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President-elect Donald Trump and his transition team have received scathing criticism for putting together one of the least diverse cabinets in recent history. The cabinet is nearly all-white and all-male — and mostly older and affluent.
This lack of cabinet diversity could have concrete consequences on everything from criminal justice to health care policy, according to advocates and experts who study diversity and interviews with current and former cabinet officers.
“There are many white men who are extremely savvy and sensitive and understanding of diversity. There is no question about that,” said Marc Morial, the head of the National Urban League. “The question is, do people feel their voices are heard? That’s really important, that communities feel someone is at the table with my point of view.”
So far, only three of Trump’s 13 cabinet picks are not white men: Ben Carson, Trump’s nominee for the Department of Housing and Urban Development, Elaine Chao for labor secretary and Betsy Devos for education department.
Gov. Nikki Haley (R-S.C.), who is Indian-American, has also been named ambassador to the United Nations, and Linda McMahon was tapped to head the Small Business Administration. Both of those positions are not in the immediate cabinet but are considered cabinet-level. Trump has not yet chosen his secretary of agriculture or secretary of veterans affairs.
President-elect Donald Trump has put together one of the least diverse cabinets in recent U.S. history. Photo by Mike Segar/REUTERS
Trump has also been criticized for not choosing a diverse range of people when it comes to wealth and age. According to a Quartz analysis, the president-elect’s 17 cabinet-level picks have a net worth of at least $9.5 billion — that’s more money than the poorest third of Americans, or 43 million households, combined.
“[The President-elect’s] selections are more of a reflection of what he values, which is money,” said Lauren Burke, a political analyst at Politic365.
“He’s hiring by the mirror image rule,” said Morial, by opting almost entirely for cabinet members whose backgrounds are similar to his.
Take Freshman Rep. Ryan Zinke, (R-Mt.), Trump’s choice for interior secretary. Zinke got the nod after reportedly connecting with Donald Trump Jr. over their shared interest in hunting. News outlets previously reported that Rep. Cathy McMorris Rodgers (R-Wash.), R-WA, a member of the House Republican leadership team, was the top contender for the job.
Omarosa Manigault, the Trump transition team’s director of diversity initiatives, said Trump is committed to diversity.
“He wants an administration that looks like the country, that looks like America,” Manigault said. “He really wants to make an impact in terms of his vision by appointing and selecting the best that America has to offer.”
Manigault said she could not speak to the president-elect’s selection of his top cabinet members, but added that 80 percent of the administration is made up of lower-level posts.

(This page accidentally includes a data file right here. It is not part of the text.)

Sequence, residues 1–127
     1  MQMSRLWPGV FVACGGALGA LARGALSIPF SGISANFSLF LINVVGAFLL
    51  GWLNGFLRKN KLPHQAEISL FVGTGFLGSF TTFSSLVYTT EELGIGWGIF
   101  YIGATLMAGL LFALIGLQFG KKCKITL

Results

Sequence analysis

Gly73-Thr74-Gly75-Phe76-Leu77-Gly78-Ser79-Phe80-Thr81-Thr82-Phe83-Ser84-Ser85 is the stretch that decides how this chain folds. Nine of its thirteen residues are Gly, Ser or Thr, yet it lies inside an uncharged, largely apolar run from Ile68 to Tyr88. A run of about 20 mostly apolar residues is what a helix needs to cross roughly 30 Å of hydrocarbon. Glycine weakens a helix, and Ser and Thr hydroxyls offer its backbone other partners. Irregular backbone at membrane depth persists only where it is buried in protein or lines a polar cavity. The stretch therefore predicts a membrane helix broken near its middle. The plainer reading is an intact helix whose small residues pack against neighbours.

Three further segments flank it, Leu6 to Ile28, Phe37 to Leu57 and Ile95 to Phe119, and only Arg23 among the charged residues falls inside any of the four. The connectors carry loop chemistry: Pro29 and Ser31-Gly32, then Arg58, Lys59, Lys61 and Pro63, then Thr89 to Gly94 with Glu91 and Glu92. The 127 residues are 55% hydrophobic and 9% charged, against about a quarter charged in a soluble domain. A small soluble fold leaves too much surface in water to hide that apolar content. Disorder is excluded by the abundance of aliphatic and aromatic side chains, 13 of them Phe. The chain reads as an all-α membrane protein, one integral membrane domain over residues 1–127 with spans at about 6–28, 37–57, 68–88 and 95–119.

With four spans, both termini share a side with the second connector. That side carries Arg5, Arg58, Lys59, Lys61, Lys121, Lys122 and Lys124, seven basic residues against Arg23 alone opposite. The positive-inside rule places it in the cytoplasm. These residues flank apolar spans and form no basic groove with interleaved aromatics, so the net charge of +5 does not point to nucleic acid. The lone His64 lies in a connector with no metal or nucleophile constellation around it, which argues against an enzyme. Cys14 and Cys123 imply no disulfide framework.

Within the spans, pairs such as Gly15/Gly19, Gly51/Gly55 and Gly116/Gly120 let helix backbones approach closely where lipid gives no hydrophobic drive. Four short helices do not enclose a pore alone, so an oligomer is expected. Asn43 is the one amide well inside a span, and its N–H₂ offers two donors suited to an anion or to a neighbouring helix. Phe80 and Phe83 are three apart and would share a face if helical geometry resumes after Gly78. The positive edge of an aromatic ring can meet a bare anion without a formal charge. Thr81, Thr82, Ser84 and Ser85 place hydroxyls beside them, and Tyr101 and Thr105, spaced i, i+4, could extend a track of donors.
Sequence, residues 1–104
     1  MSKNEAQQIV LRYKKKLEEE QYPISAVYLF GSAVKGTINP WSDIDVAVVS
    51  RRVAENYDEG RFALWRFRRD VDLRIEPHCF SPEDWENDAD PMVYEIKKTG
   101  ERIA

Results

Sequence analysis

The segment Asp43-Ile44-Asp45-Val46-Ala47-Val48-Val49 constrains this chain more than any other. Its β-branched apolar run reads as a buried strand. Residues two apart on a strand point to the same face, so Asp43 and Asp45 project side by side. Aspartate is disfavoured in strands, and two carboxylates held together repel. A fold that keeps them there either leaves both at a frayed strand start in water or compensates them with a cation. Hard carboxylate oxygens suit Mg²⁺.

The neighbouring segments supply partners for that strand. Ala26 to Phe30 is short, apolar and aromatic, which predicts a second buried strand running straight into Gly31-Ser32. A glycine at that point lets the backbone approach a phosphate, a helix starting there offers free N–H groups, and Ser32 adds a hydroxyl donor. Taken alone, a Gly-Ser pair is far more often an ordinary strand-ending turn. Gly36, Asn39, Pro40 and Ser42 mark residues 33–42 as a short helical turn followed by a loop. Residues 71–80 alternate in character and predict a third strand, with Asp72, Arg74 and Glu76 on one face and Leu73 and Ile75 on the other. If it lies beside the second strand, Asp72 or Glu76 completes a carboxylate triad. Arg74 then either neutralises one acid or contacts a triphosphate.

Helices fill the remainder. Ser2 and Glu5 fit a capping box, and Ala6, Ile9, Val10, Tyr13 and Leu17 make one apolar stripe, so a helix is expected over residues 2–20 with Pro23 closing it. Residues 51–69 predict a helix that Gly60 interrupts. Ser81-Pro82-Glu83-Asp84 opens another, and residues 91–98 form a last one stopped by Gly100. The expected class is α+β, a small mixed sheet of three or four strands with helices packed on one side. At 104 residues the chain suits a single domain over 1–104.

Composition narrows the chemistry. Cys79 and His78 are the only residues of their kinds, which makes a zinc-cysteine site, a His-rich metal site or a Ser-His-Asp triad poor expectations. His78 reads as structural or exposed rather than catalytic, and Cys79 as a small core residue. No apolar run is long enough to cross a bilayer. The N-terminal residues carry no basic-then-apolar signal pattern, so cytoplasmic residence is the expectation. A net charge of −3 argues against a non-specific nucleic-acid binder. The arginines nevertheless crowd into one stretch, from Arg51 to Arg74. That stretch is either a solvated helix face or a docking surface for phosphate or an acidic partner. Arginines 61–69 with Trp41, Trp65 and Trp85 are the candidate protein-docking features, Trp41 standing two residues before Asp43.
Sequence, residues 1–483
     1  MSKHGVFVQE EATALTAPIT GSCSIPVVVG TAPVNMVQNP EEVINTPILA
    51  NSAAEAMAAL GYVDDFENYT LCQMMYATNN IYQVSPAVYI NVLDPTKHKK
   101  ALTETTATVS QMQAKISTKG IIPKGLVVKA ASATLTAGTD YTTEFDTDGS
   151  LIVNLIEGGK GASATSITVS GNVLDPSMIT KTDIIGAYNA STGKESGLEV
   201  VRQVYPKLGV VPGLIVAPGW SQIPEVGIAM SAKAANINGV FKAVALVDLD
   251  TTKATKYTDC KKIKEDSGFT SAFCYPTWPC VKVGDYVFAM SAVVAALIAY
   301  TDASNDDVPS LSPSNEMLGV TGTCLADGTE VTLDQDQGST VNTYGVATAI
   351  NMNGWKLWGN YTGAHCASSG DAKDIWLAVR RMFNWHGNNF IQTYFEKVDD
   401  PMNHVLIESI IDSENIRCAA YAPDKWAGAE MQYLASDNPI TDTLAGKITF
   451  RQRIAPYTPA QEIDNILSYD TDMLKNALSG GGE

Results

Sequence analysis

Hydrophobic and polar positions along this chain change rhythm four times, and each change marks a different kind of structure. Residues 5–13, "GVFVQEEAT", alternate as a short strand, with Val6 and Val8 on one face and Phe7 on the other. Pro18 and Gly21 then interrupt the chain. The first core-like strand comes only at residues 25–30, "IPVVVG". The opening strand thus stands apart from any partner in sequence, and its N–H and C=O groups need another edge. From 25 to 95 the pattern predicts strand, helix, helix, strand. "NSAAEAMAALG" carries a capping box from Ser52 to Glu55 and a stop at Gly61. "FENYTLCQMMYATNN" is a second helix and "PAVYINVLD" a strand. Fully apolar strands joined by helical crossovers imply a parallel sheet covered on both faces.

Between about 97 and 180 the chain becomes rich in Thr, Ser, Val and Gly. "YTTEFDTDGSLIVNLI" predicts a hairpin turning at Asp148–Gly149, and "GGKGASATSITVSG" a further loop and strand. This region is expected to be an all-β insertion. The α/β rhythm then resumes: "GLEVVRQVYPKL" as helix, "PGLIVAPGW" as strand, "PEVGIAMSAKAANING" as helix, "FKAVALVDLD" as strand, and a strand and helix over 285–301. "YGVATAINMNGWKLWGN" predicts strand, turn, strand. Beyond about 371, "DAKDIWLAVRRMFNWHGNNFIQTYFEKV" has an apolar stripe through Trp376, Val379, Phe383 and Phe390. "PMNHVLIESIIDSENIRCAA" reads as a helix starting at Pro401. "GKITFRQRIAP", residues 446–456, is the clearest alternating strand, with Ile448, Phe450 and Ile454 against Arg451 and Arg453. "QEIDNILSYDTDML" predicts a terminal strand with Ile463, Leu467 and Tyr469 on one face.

The cabinet Trump assembled stands in marked contrast to President Obama’s first-term cabinet. Eight of Obama’s cabinet appointments were women or minorities. But even then, Obama’s administration was harshly criticized for becoming a “boys club.” In his second term, Obama appointed fewer women than the first time around.
While Obama will end his tenure with one of the most diverse cabinets in history, according to Burke, his appointments in top-level positions aren’t as progressive as many of his supporters had hoped.
“It matters when a president names an African-American to a top-level position like the Secretary of State more than when it’s the U.S. trade representative,” she said. “[President Obama] started out really slow. Had Trump selected two more African-Americans, he’d be ahead of the president in his first four years for top level positions. It shouldn’t even be close considering African-Americans support Democrats 90 percent of the time.”
In his last two years in office, though, the president put together the first administration where the majority of top policy positions were held by minorities or women and has since been credited with the most diverse cabinet in U.S. history, according to an analysis by the University of California at Berkeley. The process has not been without hiccups. Berkeley’s lead researcher, Anne O’Connell, points out that Senate confirmations of women and minorities “took longer on average than their white, male counterparts.”
The 15 possible cabinet appointments a president can make tend to be the most visible leadership positions. While diversity at the top matters, O’Connell said it’s also the lower-level positions within government departments that play a role in policy.
“An administration that is more actively nominating top positions that represent gender or race and ethnic diversity are more likely to reflect that in staffing the department itself,” she said, noting that the departments of agriculture, defense and treasury have been the least diverse throughout several presidential administrations.
“With top level positions under President-elect Trump being less diverse, it’s likely that lower level positions will be even worse,” she added.
Cabinet members under the Obama administration, including white men, took the president’s commitment to diversity to heart, Secretary of Agriculture Tom Vilsack said in an interview.